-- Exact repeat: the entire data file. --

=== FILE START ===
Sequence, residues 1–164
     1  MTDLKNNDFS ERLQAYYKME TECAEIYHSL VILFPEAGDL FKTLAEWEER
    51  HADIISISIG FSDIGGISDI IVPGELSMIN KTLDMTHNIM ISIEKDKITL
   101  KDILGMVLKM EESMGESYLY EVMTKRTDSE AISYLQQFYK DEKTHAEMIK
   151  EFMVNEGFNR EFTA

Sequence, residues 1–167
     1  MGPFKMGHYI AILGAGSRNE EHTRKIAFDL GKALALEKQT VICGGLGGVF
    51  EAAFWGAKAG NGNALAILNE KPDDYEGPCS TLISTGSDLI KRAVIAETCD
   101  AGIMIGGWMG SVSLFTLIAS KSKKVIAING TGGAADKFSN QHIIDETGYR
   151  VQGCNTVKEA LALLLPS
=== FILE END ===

Sequence, residues 1–164
     1  MTDLKNNDFS ERLQAYYKME TECAEIYHSL VILFPEAGDL FKTLAEWEER
    51  HADIISISIG FSDIGGISDI IVPGELSMIN KTLDMTHNIM ISIEKDKITL
   101  KDILGMVLKM EESMGESYLY EVMTKRTDSE AISYLQQFYK DEKTHAEMIK
   151  EFMVNEGFNR EFTA

Sequence, residues 1–167
     1  MGPFKMGHYI AILGAGSRNE EHTRKIAFDL GKALALEKQT VICGGLGGVF
    51  EAAFWGAKAG NGNALAILNE KPDDYEGPCS TLISTGSDLI KRAVIAETCD
   101  AGIMIGGWMG SVSLFTLIAS KSKKVIAING TGGAADKFSN QHIIDETGYR
   151  VQGCNTVKEA LALLLPS